Saturday, August 01, 2009

Five Blind Men and an Elephant

It’s appropriate that the point of view question has come up right now, since I’m in the middle of writing a book that has more POVs than anything else I’ve ever done.  I didn’t plan for it to be that way.  But every piece of fiction I have written come into being in its own unique way.  This novel even has a mixture of first and third person - one first person narrator and three or four narrow third person POVs. I am not only the writer, but I’m the reader, too, and I want to know what different observers are thinking and about what happens.  Whether the end product retains all these POVs remains to be seen, but at least during the process of creation, the story seems to call for it.

I don’t really have a preference about point of view when I read a novel.  I tend to like first person, because I like how first person reveals character so intimately.  But I don’t mind if the author observes the action through more than one character, as long as I can keep everyone straight.  As Rick pointed out, that’s when multiple POV becomes annoying.  Multiple POV can be quite effective, I believe, but the writer has to have the skill to pull it off.  This is why it’s hard to make generalizations about technique.  If it works, it works.  Who is the best choice to narrate the events of your novel?  What do you want to reveal?  Multiple POV can reveal your story from several different perspectives, sort of like the five blind men describing the elephant.  One feels its ear and says it’s very like a fan. Another feels its leg and compares it to a tree.  The third runs his hands along its side and describes it as a wall.  In the end, the readers can combine all five descriptions and come up with an elephant.

Voice is a whole other ball of wax.  I was discussing the idea of voice with my husband last night, and he pointed out that there are two kinds of ‘voice’ in a novel.  The voices of the characters, and the overall voice of the author.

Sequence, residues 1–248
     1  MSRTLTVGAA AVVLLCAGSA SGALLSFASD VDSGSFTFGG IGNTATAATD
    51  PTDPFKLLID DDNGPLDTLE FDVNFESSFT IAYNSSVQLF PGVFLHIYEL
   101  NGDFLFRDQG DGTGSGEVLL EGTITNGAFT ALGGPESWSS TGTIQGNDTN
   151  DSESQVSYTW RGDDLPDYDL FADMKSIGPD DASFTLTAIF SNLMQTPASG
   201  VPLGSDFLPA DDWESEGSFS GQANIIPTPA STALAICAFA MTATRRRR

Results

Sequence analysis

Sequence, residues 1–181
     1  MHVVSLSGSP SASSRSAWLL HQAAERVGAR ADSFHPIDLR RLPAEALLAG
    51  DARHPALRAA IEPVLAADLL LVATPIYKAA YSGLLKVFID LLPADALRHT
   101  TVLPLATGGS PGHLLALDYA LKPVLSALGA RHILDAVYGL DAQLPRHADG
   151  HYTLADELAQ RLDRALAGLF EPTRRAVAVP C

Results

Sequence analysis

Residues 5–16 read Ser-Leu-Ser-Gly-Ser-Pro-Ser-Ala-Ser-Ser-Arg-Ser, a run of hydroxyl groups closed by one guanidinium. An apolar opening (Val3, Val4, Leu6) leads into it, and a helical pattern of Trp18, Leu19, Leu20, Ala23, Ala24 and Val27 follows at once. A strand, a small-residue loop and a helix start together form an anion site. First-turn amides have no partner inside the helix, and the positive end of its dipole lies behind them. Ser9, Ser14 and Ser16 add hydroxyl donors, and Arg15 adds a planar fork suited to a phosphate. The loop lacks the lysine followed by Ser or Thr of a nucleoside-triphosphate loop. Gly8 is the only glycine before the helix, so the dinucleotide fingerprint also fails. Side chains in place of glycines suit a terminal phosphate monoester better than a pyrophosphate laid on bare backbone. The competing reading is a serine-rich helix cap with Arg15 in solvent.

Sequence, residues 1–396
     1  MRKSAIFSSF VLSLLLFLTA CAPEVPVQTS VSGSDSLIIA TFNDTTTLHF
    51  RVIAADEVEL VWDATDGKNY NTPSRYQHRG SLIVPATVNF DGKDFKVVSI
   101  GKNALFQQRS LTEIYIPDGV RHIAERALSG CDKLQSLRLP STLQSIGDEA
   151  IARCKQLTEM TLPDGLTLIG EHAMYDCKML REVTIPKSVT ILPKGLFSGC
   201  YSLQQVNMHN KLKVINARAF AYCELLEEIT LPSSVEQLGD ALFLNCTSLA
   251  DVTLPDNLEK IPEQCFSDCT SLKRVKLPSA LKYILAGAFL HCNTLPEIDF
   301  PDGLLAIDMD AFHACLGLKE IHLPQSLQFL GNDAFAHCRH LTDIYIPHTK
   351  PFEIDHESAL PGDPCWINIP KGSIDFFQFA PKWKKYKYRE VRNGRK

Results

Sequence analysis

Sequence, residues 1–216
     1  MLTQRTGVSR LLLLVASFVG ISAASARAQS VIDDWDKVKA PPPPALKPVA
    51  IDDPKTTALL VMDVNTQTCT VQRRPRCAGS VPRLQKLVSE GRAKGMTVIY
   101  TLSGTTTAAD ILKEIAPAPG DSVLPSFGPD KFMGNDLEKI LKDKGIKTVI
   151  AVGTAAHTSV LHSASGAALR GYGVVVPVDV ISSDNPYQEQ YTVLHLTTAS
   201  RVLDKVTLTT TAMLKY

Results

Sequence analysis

For character voice, I very much like John’s comment comparing writing fiction to acting, in that you have to inhabit the character in order to be able to present his true voice.  You have to know how your character thinks and behaves so intimately that she practically takes on a life of her own, and it feels almost like you’re simply reporting her thoughts and actions, rather than creating them yourself.  I suppose the question then becomes, how many characters in your novel can you inhabit so thoroughly that you can present their points of view in a natural and interesting way? 

But the author’s voice is something else.  I don’t know how many times I’ve heard writers say, “I was finally successful when I found my true voice”.  I’ve said it myself.  Your ‘voice’ is your own unique way of perceiving the world.  It’s the way you put things that’s yours alone.  How do you find your distinctive voice? Like any other art, you have to build your basic skills, first.  If you are a violinist, you have to learn to read music, bowing, fingering techniques.  Then you have to practice until your fingers bleed.  If you’re a painter, you have to learn about colors and pigments, composition, styles, then practice until your fingers bleed.  If you’re a writer ... well,you get the idea.  Then, once you have the chops, once you’ve mastered your art, you may be able to stop copying your teachers and other virtuosos and begin to do your own thing.  You have to be brave, though.  Don’t try to write like anyone else You have to trust your own instincts.  You have to reveal yourself. 


Anonymous said...


Elizabeth Spann Craig said...

Good points. Although I usually find multiple POVs a little jarring, when the author is skilled, I don't notice the shifts as much.

Mystery Writing is Murder

Rick Blechta said...

What, no midgets? Your postings are shite without the midgets. I suppose you could substitute dancing elephants, if you want, but you have to give us something!

Donis Casey said...

Maybe we do need a spam filter after all.

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